Federal Black Spot Program
The aim of the Black Spot Program is to reduce crashes and fatalities on Australian roads by identifying and rectifying the troublesome road conditions.
Each year, road fatalities and crashes impose a major cost to Australians. The Black Spot Program targets road locations where crashes are continuously occurring or have a high potential to occur and rectify the situation by putting in place measures such as traffic signals, roundabouts, road widening, etc.
The Federal Government has changed the program’s eligibility criteria for 2015-16 and 2016-17 aimed to assist communities to compete for this additional funding. Under the new criteria, the minimum Benefit Cost Ratio for proposals has been reduced from 2:1 to 1:1. In addition, the minimum crash history of sites has been reduced from 3 to 2 casualty crashes per kilometre over five years or 0.13 casualty crashes per kilometre each year over five years. The criteria has also been amended to allow more funding for the proactive treatment of unsafe roads. Consultative Panels will be able to allocate up to 40% of funding to sites on the basis of a road safety audit. The government has also guaranteed that at least 50% of funding provided over the next two years will be dedicated to fixing roads in regional Australia.
From here the Black Spot Consultative Panel reviews the applications and determines which have a greater importance.
For more information on the Black Spot Program, click here
National Heavy Vehicle Regulations
The Northern Territory Government has decided it will not be adopting the fatigue management aspects of the Heavy Vehicle National Law (HVNL) until it can be clearly demonstrated the laws are workable in remote Australia and the benefits can be proven.
Although not adopting them, the NT will recognise the HVNL Fatigue Management options and will continue to recognise the Western Australian Fatigue Management system for those operators crossing borders.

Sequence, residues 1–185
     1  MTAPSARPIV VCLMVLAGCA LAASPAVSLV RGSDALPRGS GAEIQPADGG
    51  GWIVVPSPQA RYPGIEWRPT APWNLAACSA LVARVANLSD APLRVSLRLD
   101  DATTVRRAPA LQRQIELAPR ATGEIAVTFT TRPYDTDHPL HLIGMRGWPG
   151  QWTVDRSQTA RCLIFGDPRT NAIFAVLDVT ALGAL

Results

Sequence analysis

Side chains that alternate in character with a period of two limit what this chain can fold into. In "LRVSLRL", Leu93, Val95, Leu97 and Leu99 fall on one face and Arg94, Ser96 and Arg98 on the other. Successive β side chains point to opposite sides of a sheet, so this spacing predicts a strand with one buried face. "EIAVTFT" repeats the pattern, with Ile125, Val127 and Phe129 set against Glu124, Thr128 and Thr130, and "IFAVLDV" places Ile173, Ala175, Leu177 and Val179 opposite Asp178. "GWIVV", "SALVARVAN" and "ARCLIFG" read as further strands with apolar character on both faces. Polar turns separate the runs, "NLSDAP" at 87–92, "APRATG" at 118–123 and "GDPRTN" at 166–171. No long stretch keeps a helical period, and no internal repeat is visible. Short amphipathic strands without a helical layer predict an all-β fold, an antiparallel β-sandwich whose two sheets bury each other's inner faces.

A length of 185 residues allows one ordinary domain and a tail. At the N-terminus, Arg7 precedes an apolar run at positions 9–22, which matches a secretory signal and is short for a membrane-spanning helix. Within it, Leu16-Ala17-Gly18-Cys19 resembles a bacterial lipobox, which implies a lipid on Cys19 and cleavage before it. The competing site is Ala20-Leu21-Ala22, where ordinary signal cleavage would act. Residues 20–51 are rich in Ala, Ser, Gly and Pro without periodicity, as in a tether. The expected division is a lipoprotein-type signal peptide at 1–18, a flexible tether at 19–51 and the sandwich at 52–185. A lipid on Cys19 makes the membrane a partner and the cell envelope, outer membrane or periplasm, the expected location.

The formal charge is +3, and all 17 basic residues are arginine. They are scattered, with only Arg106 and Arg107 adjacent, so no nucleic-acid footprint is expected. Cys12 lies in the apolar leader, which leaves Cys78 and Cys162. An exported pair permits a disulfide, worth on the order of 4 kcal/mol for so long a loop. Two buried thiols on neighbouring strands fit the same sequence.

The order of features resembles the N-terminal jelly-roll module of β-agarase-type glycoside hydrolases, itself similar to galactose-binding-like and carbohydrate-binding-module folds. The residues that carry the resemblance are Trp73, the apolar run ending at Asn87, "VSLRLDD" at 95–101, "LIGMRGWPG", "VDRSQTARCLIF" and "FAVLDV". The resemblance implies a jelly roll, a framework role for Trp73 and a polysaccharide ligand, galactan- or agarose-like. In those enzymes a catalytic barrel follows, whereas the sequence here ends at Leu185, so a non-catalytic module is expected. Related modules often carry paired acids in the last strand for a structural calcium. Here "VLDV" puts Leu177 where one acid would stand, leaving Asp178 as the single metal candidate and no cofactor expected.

This approach will allow operators to opt into the system that best suits their business needs without compromising safety.
Guidelines for Road Safety Around Schools
What are the guidelines?
These guidelines are produced for the express purpose of enhancing the safety of children travelling to, from and around schools by:
- providing information on many of the major road safety issues involved
- providing information on how best to maintain or improve road safety for children travelling to and from schools as well as advising where further assistance might be obtained
- providing answers to commonly asked questions about road safety issues around schools.
Who are they for?
The guidelines have been designed to be used by local road authorities, teachers and school staff, school councils, school road safety committee members, school occupational health and safety committee members and other interested community members. Interested parties are guided through a range of education, encouragement, environmental and engineering strategies that can contribute towards a safer school transport environment.
The guidelines are made up of the following parts:
- Background, roles and responsibilities
- Road Safety Problems and solutions
- Remote communities
- Resources for schools
- Useful resources and references
For a copy of the guidelines click: